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FORUMS Photo Sharing & Visual Enjoyment Transportation
Thread started 14 Jul 2008 (Monday) 10:57
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MOVE YOUR FEET! A <rant> of sorts.

 
PhotosGuy
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Jul 14, 2008 10:57 |  #1

Many times we're guilty of "Target Fixation" & all we "see" is what is right in front of us as we fly our image into the ground-air interface.
Fighter pilots are taught to scan from near to far, to see that the kill zone is clear, & then to look at threats outside the kill zone. You need to learn to do that too, & not get caught in the target fixation trap.

How does that apply to cars? How many times have you seen a shot with a light pole sticking out of the roof? Or someones white t-shirt & knobby knees reflected in the side? How about a big white parking permit hanging from the mirror? And while a group of trees might make a nice background, one or two growing out of the body are a distraction that's easily avoided.

I try to take a shot of possible locations when I see them. This doesn't look like the most inviting location for a car shot, does it? But if your objective is to make a car, or anything else, look good instead of a "Car in Landscape" or "Car in Cool Environment" shot, just how much background do you really need?
I used it for these shots: UBNXOUS Beast! part #2.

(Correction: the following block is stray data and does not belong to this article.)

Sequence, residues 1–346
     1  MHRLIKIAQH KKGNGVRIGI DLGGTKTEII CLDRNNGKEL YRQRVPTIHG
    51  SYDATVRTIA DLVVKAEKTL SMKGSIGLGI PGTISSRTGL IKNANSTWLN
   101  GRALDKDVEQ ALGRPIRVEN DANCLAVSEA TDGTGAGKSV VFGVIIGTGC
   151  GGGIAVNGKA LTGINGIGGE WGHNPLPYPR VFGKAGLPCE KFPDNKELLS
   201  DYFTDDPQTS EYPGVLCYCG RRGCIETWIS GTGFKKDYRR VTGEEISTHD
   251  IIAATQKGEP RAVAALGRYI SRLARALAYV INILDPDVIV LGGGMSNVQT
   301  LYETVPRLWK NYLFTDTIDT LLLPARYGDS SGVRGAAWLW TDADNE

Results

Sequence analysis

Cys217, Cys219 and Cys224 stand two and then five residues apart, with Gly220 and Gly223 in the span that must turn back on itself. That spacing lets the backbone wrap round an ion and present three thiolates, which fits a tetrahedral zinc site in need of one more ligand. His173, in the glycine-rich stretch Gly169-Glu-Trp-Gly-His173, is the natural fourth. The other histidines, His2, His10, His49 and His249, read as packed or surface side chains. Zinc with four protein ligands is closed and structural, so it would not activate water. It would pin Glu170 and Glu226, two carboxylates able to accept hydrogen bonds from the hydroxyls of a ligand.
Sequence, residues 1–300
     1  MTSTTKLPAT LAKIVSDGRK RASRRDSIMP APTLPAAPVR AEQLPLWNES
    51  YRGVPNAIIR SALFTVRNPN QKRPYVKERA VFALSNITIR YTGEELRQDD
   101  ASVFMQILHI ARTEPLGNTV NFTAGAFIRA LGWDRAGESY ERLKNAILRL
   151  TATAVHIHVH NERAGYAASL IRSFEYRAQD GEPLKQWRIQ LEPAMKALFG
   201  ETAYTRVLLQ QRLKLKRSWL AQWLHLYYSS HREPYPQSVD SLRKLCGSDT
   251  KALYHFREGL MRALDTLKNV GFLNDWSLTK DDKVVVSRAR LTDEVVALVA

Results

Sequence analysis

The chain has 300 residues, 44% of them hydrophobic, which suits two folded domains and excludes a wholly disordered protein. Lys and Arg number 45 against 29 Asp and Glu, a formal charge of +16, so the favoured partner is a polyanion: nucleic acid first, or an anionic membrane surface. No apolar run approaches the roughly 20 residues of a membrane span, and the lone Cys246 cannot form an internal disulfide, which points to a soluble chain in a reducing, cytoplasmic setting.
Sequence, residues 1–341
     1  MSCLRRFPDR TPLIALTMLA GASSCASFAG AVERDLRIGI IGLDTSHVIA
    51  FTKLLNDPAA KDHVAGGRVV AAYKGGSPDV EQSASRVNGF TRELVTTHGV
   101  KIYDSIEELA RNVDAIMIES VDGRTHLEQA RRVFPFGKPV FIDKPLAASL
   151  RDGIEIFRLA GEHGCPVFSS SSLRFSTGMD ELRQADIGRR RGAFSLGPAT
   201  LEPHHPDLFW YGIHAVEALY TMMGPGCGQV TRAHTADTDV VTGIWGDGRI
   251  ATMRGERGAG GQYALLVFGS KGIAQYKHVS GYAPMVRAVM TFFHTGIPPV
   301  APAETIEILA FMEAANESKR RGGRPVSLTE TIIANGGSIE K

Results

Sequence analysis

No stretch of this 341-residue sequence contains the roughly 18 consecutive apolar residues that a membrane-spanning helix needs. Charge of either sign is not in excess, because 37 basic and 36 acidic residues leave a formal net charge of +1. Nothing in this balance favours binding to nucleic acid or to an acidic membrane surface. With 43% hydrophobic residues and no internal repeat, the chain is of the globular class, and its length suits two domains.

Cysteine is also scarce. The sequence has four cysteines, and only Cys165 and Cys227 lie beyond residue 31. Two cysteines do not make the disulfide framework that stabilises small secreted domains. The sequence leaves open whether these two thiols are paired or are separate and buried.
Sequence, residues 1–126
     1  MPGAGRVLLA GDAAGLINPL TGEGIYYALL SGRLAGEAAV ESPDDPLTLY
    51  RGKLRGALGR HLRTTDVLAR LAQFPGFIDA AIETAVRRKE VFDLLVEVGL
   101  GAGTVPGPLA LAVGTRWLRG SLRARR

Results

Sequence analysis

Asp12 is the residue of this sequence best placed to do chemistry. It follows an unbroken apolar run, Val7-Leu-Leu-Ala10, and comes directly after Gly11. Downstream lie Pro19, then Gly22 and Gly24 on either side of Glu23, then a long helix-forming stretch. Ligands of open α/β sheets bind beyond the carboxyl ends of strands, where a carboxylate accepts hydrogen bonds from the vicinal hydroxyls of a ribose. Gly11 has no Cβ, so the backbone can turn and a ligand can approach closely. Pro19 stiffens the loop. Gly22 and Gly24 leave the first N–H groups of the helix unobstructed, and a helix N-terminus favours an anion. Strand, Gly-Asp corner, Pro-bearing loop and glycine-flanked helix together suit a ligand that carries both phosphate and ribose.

IMAGE: http://photography-on-the.net/stuff/photosguy/15-Ryan-SWcorner_0797.jpg

The other night the sun had set & I decided to put my (filthy) Malibu into this location I'd saved, to make the point to look before you shoot.
Move the car. Look at what the light is doing in the hood & the side. Take a shot of each view if you have to to help you remember the light on it & the reflections, both good & bad that you see there.

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NOTICE the reflection from the sunset in the rear quarter of the body below. Compare that with the shots above.
You'll get the best reflections in the body if you angle it to pick up the brightest area of the sky. This is especially important in light colored cars that don't have the contrast of a dark body to show the reflections.

There was a tree (to the left of the first shot) reflecting into the hood when I first parked, so I MOVED THE CAR to the right. Seems simple, doesn't it?

IMAGE: http://photography-on-the.net/stuff/photosguy/15-Ryan-SWcorner_0567.jpg

This was after the move. Notice that the reflections in the side look better, too.

What do you see wrong with it now?

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FrankC - 20D, RAW, Manual everything...
Classic Carz, Racing, Air Show, Flowers.
Find the light... A few Car Lighting Tips, and MOVE YOUR FEET!
Have you thought about making your own book? // Need an exposure crutch?
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PhotosGuy
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Jul 14, 2008 10:57 |  #2

I thought I'd try to hide the cars in the background so I MOVED MY FEET to the right a few feet & both the reflections in the side & the background looked a lot better. See the difference?

If I really wanted the angle in #2 I'd have MOVED THE CAR again. Pretty simple, right?